BY MIKE DAMASCUS
A sushi chef in Shinjuku stabbed me in the throat with a sashimi knife. Just like in the movies the blood pulsed from my neck with each squeeze of my heart. I lost consciousness with the hopeful notion that he only cut off my ear. Using a band of seaweed he tied the ear to a pad of rice. On the chalkboard behind him he wrote, “Mimi Nigiri.” He wrote in hiragana, but I could read it. He wanted ten thousand yen. A fifty something yakuza type with mutton chop sideburns bought it for his teenage girlfriend. He had the Elvis pompadour and the aviator shades. She blushed and giggled, but ultimately spit it out, complaining that it was chewier than the octopus.
I got the idea off a golden salamander with a black racing stripe. He was the only one polite enough to return my greetings in the park. He sat on a rock in the sun. When I offered my feeble, “Konnichiwa,” he replied with a slow, “Osssssssu.” We hit it off immediately. He told me my problem was not with my nowhere job, my nagging girlfriend, or even with the bill collector who calls my cell every Saturday morning, but with low self-esteem. He directed me to a Shinto temple on the other side of the train station. If my prayers were pure and my offering sufficient, the void might open up and bestow a blessing. I was thanking him when this crow swooped between us and snapped him up in his beak.
To get to the temple you walk through the red torii gate. To get to the temple you walk through a graveyard. The ginko trees are taller than back home and the cicadas start up with a piercing drone that reminds you why you never got into techno. Mount the stairs. Place your palms together in salutation. Bow. Bow again. The zigzag white curtains are supposed to be lightning bolts. When the monk appears tell him your troubles. He’ll respond with something pithy like, “The pacific is not an insurmountable obstacle, but it’s bigger than your sister’s fat ass.” Pull out all the yen in your pocket and toss it in the cylinder. Clap your hands together twice. Go down the stairs and don’t look back. If you do you might see the monk fishing out your offering and running up the alleyway to score opium.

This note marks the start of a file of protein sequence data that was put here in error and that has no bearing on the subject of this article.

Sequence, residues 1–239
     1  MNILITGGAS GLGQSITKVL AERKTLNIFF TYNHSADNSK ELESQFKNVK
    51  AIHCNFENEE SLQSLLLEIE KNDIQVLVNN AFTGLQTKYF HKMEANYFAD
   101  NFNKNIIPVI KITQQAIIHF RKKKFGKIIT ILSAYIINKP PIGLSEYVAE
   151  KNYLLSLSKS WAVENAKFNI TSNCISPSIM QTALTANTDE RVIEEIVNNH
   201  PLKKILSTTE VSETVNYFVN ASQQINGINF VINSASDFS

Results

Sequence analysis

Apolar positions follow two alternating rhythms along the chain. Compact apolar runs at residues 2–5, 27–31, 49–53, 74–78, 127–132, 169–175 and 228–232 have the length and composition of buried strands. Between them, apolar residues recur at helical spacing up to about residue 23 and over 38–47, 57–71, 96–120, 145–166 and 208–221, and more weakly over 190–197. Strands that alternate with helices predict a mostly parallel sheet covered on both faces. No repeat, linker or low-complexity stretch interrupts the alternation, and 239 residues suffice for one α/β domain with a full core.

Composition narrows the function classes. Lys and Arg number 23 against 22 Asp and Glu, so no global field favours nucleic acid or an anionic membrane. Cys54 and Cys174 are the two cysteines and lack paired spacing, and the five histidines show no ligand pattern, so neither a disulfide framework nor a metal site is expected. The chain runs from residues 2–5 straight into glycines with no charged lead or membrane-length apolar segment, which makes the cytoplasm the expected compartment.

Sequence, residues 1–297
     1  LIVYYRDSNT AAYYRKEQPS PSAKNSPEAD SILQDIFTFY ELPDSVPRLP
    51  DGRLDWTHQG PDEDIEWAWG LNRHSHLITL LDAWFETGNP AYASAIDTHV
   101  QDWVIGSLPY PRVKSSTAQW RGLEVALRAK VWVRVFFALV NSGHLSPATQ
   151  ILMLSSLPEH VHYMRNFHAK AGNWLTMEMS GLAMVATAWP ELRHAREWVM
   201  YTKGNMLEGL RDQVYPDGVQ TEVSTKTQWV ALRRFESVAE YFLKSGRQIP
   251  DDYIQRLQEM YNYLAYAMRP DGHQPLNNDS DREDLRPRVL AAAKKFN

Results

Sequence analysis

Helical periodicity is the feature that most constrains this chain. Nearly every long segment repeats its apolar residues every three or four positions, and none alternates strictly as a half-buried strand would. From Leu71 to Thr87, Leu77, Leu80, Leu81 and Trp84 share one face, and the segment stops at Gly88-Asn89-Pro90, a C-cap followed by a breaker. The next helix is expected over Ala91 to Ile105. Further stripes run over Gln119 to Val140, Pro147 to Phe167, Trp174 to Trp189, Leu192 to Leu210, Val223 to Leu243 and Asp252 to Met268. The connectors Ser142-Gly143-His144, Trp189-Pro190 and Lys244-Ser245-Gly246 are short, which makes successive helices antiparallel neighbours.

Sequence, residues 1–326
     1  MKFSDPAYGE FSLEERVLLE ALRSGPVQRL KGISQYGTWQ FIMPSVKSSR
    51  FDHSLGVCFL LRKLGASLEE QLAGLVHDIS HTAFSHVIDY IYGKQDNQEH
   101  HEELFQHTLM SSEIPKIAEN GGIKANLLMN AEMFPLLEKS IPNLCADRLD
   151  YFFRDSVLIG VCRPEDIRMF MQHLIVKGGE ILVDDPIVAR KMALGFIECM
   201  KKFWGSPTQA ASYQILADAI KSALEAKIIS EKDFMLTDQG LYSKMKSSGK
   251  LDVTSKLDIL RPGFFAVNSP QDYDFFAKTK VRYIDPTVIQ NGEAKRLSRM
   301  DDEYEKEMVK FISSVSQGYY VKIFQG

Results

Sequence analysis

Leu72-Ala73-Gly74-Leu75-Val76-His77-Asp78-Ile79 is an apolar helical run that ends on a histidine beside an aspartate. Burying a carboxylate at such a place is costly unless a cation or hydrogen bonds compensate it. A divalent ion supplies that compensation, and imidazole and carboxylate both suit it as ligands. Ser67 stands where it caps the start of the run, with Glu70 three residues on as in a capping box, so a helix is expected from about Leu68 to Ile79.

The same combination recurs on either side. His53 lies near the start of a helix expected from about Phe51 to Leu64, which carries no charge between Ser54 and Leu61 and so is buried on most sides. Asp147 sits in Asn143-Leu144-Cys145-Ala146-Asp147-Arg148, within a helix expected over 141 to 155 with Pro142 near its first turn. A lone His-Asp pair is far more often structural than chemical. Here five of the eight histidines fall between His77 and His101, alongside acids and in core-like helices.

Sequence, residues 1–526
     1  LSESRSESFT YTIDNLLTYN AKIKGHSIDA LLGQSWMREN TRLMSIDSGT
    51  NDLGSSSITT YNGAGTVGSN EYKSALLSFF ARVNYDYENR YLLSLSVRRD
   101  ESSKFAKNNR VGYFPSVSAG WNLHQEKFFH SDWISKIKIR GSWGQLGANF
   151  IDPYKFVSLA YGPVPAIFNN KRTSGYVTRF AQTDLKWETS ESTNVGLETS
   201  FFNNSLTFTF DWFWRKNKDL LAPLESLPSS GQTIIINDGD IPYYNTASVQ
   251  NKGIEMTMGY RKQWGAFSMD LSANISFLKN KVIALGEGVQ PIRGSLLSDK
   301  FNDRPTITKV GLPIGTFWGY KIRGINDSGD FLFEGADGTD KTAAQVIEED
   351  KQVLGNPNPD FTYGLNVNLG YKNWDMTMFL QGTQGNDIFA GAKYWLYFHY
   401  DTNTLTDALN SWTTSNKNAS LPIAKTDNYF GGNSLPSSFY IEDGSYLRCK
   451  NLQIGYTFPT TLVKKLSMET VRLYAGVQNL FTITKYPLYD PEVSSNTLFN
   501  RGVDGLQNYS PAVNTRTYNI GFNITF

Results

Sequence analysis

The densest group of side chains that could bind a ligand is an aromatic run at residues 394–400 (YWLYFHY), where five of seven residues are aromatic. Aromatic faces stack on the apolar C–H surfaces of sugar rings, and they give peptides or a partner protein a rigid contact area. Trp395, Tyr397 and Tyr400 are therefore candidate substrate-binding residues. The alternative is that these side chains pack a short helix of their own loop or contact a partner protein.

As I walk back out the torii gate the street becomes a great gash through town. It opens up like the void. It opens up like my girlfriend the night she drank too many Jack-n-Cokes. The stench of sex steams from the pavement. The humidity no longer something to gripe about but part of the larger vaginal fantasy that naturally flows from the newly minted satori. The pedestrians, even the few b-boys, naturally give a wide berth. My appetites grow then come to a point. The tittie bar a place for losers and so I hit the sushi bar. I shout greeting at the door and take a seat. The head chef works in the middle. His movements are quick and concise. He tosses out a menu wholly in kanji and speaks in rapid-fire bursts that no native could grasp. Sweat beads on his forehead and the one eyed look with which he fixes upon me indicates an utter and complete disregard for any transformation, spiritual or otherwise, my life might have just taken.
Nonplussed I order. Futomaki is for posers so I order a sophisticated arrangement of sashimi and nigiri sushi. I order the most expensive cold sake. The teenage girlfriend of a fifty something yakuza type stares me down. Her eye makeup is aqua blue and I imagine going down on her paipan for dessert. The waitress pours the sake. She smiles in a way that indicates secret knowledge that her kemeko is indeed tastier than the yakuza type’s teenage girlfriend’s paipan. When the sushi chef places my order in front of me it is immaculate. The cuts are thick. The wasabi and ginger slices are lumped generously at the corner. Not one sesame seed has fallen from the unagi. The only problem is that instead of hamachi, he’s given me the nastiest translucent red snapper I’ve ever seen.
Kobayashi Issa, Japan’s famous haiku poet, never insulted a sushi chef with a sharp knife and one too many sakes under his belt. Neither did the golden salamander with the black racing stripe. Both were surprised and disappointed that I had joined them so quickly in the underworld. “Did you not hear my words,” asked the salamander. “Did you not receive at the temple,” asked Kobayashi. I heard them both because I still had two ears. This was a small comfort. “I was trying to assert my newfound self-esteem,” I explained. “Self-esteem isn’t the same thing as being an asshole,” explained the salamander. Kobayashi Issa then composed a haiku in my honor. In it he referred to me as an asshole. That line would actually best be translated as “superb asshole,” but despite his flowery language he didn’t mean it in a sexual way.
[Forever after at http://eyeshot.net/futomaki.html]
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